Canada Markets

Canada's Forecast Grain Stocks for 2019-20

Cliff Jamieson
By  Cliff Jamieson , Canadian Grains Analyst
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This chart highlights the year-over-year change in ending stocks forecast by Agriculture and Agri-Food Canada in December, which includes the November production estimates released by Statistics Canada earlier in the month. (DTN graphic by Cliff Jamieson)

Agriculture and Agri-Food Canada's December Canada: Outlook for Principal Field Crops includes the November production estimates released by Statistics Canada on Dec. 6. This report indicates that producers were asked to provide their best estimates of what they have harvested or intend to harvest in surveys conducted from Oct. 9 to Nov. 17. Both Statistics Canada and AAFC acknowledge unharvested acres, which are estimated to total 4 million acres in the West, with corn acres in Ontario also remaining.

At a glance, AAFC's tables for all principal field crops appear as a carbon copy of the 2018-19 crop year, with total production estimated at 93.291 million metric tons, just 7,000 metric tons lower than the 2018-19 crop year. An estimated drop in grain and oilseed production is estimated to come close to being offset by a gain in pulse and special crop production due to surge in seeded acres along with higher yields.

Ending stocks of all principal field crops are estimated to remain close to unchanged, down 78,000 mt to 15.370 mt. A drop in pulse and special crop stocks is forecast to offset a modest increase in the stocks of grains and oilseeds.

As seen on the attached chart, the most bearish move in ending stocks is seen for barley, with a forecast year-over-year increase in ending stocks of 101.6% to 1.8 mmt. This would be the largest stocks in three years, representing 18.9% of use. This is despite an estimated hike in domestic use to 6.5 mmt, which would be the highest in six years as barley use increases in the ration at the expense of corn.

Another large estimated increase in stocks is seen in oat data, forecast to increase by 57.8% year-over-year. Despite a tight carryout in 2018-19, a combination of increased harvested acres and yields has led to higher production that is partially offset by higher exports of 2.6 mmt. Ending stocks are forecast to increase to 650,000 mt, which remains 8.7% below the five-year average, the second-lowest stocks realized in seven years.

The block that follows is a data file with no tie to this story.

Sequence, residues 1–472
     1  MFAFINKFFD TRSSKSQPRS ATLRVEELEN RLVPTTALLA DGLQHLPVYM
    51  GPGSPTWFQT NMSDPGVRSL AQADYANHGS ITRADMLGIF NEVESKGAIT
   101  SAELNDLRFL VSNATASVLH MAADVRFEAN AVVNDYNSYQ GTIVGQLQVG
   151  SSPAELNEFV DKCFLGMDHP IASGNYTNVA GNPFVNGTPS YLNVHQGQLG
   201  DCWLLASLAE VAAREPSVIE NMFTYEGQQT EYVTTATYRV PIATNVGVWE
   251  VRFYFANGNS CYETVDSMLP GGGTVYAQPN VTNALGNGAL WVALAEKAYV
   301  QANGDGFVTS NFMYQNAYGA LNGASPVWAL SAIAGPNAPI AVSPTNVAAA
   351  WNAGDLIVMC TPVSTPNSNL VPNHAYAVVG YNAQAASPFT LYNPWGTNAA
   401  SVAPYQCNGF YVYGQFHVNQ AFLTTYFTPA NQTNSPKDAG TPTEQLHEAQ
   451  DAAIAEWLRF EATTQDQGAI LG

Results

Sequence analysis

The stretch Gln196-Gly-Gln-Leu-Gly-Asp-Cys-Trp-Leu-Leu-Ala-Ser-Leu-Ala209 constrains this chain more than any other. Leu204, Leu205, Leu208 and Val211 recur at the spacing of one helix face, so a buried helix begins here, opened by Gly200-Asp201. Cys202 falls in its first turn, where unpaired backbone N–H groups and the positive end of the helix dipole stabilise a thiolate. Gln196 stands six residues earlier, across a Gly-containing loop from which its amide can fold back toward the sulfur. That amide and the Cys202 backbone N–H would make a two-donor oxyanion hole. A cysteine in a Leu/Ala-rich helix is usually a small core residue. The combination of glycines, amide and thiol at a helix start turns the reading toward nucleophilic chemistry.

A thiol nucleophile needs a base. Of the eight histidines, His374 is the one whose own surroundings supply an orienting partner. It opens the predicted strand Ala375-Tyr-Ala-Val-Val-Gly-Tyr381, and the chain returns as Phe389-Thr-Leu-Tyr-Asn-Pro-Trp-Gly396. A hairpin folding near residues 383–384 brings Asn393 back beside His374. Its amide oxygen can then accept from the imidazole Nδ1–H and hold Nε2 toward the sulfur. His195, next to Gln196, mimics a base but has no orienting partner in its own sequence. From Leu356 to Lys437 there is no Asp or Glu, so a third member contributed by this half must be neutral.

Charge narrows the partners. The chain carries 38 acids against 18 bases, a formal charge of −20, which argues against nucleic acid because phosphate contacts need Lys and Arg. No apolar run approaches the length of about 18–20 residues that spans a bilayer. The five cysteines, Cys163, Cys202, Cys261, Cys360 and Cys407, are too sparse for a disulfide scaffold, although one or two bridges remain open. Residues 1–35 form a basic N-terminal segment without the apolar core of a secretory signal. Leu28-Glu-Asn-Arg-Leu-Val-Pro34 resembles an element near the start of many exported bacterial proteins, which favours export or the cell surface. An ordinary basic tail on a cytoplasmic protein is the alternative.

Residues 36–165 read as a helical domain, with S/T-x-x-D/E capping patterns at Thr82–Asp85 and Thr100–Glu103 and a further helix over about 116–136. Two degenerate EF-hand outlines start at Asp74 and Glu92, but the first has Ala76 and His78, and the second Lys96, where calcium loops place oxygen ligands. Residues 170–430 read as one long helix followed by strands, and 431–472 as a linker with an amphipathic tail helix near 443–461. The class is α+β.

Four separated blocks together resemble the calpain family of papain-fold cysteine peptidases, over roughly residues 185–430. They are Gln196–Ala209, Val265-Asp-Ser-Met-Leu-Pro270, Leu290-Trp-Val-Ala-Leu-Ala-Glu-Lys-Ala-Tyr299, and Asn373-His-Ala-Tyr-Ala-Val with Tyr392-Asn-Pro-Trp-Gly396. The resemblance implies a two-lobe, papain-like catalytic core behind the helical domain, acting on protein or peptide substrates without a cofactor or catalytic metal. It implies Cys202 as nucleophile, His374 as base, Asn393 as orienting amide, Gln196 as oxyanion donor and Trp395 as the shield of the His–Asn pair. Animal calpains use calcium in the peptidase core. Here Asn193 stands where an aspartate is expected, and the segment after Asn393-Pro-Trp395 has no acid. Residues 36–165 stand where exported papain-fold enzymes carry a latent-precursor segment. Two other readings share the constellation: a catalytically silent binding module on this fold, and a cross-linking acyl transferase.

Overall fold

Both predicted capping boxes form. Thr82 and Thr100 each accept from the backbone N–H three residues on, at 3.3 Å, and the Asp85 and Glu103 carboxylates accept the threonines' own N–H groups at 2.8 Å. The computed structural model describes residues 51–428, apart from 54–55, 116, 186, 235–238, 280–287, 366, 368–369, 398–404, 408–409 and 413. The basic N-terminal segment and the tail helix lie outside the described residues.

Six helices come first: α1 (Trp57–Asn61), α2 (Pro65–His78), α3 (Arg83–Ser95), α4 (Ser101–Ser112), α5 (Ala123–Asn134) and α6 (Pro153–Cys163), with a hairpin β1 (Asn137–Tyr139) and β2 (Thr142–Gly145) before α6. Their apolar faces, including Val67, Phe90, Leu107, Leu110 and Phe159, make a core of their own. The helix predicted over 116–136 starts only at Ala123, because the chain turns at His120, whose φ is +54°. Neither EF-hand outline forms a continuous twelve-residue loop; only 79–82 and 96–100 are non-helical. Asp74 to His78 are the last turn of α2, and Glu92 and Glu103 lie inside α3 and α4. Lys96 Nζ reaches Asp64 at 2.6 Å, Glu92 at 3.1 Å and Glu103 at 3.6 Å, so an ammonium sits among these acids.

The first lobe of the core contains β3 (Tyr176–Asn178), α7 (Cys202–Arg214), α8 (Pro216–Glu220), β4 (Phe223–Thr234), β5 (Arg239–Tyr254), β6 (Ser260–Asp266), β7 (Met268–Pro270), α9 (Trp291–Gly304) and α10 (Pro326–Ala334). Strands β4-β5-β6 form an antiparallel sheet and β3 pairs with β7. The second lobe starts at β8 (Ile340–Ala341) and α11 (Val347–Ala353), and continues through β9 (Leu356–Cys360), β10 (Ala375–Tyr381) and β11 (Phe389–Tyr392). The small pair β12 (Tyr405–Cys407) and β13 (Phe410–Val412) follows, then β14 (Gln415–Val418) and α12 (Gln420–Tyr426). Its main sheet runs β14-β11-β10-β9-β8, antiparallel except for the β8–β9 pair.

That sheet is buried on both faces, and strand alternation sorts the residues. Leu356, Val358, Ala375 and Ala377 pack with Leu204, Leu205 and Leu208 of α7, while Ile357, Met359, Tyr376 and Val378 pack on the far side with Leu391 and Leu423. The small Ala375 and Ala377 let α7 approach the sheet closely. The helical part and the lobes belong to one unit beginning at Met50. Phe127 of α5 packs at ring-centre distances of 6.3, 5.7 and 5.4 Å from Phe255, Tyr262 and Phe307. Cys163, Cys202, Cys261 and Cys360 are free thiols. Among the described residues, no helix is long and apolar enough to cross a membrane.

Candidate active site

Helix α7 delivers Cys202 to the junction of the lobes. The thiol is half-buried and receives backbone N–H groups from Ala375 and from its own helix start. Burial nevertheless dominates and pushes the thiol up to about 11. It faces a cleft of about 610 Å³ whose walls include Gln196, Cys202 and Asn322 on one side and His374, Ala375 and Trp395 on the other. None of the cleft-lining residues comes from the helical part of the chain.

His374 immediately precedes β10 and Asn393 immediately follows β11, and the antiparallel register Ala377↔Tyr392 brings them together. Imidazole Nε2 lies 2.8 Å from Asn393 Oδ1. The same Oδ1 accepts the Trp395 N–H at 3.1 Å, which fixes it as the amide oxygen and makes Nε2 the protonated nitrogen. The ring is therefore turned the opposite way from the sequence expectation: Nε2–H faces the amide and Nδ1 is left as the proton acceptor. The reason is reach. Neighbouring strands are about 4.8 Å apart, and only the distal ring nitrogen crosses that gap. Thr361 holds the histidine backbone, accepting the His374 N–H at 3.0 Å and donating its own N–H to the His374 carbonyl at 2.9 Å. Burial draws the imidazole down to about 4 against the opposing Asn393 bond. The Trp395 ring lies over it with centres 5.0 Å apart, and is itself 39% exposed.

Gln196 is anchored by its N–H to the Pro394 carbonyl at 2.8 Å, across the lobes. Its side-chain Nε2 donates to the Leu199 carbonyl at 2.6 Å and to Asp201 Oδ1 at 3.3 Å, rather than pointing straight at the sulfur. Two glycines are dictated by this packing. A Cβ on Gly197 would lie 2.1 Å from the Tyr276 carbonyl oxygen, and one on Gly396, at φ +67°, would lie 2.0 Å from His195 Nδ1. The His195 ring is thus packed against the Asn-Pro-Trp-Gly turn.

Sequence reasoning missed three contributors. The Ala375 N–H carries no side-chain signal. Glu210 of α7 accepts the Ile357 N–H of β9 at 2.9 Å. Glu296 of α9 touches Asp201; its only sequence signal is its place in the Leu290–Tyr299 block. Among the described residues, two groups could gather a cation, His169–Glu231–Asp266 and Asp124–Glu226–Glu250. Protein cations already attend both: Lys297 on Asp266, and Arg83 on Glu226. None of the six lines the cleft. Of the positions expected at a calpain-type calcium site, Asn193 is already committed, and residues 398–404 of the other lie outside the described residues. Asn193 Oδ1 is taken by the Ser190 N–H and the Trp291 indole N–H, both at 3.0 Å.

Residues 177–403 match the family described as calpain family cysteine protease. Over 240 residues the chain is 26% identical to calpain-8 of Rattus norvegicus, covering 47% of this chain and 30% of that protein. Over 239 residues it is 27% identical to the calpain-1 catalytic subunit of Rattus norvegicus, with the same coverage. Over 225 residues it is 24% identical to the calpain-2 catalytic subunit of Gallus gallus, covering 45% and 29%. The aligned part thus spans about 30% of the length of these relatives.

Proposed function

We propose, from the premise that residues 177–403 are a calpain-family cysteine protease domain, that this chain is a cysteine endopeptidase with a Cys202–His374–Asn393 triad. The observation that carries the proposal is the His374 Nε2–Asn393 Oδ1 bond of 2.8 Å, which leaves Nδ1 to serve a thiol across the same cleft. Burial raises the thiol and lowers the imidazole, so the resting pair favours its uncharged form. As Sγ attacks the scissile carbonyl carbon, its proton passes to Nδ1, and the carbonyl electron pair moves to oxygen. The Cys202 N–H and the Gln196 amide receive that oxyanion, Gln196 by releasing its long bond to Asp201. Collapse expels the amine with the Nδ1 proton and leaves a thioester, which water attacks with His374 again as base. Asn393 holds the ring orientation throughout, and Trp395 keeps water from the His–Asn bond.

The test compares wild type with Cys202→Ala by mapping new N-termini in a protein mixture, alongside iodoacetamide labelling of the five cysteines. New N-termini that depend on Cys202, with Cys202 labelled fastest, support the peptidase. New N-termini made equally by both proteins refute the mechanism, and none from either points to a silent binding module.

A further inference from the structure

The next largest year-over-year increase forecast, on a percentage basis, is a 22.7% increase in dry pea stocks to 400,000 mt, just slightly below the five-year average. This month's AAFC forecasts included a lower revision for production, along with domestic use, while export demand was left unchanged at 3.4 mmt. Export demand bears watching, with week 19 shipments of bulk peas through licensed terminals up 48.7% year over year, with unlicensed shipments over and above this volume.

Stocks of wheat (excluding durum), were left unchanged in this month's AAFC estimates, while are expected to climb by 19.9% to 5 mmt, close to the five-year average of 4.920 mt. Current forecasts include a year-over-year drop in exports of 4.9% or close to 1 mmt, with the December estimates revising exports a further 200,000 mt lower to 18.8 mmt. This bears watching, with cumulative exports through licensed facilities as of week 19 running 12.2% behind the year-ago volume.

The remaining five selected crops are forecast to see stocks fall year-over-year. The largest drop on a percentage basis is seen for durum, with stocks forecast to fall by 49.3% to 850,000 mt as of July 2020, the lowest seen since the 2007-08 crop year and 39% below the five-year average. This month's AAFC forecast included a 100,000 mt upward revision in exports to 4.8 mmt, while domestic disappearance was hiked by a smaller amount. This is another crop that bears watching, with current AAFC forecasts pointing to a 6% increase in exports year-over-year, while the most recent week 19 statistics shows exports up 56% from the same period in 2018-19.

Soybean stocks are forecast to fall by 42.9% year-over-year to 400,000 mt, which would be the lowest in three years and would be 21.4% below the five-year average. This month's forecasts include a lower revision for 2019 production, while exports were revised 300,000 mt lower to 4.4 mmt, down 22% from the previous crop year. This too bears watching, with the CGC reporting Sept/Oct/Nov exports totaling 1.6438 mmt through licensed terminals, which is down 32% from the same period in 2018-19.

AAFC reduced its estimate for canola stocks from 4.7 mmt in November to 3.5 mmt in December, which would be down 14.5% from 2018-19, although still 38.9% higher than the five-year average. A significant lower revision in 2019 production was largely behind the move, as indicated by Statistics Canada's most recent estimates, while the forecast for domestic use saw a sharp revision higher to 10.2 mmt and export demand was trimmed slightly to 9.1 mmt this month.

As noted by AAFC, estimates for unharvested canola ranges from 1-2 mmt, which could result in a surprise on the supply side, while a return by China to the market could lead to a surprise on the demand side. Given that canola has failed to keep pace with competing oilseeds and vegetable oil markets, this market should remain supported and market signals will be key.


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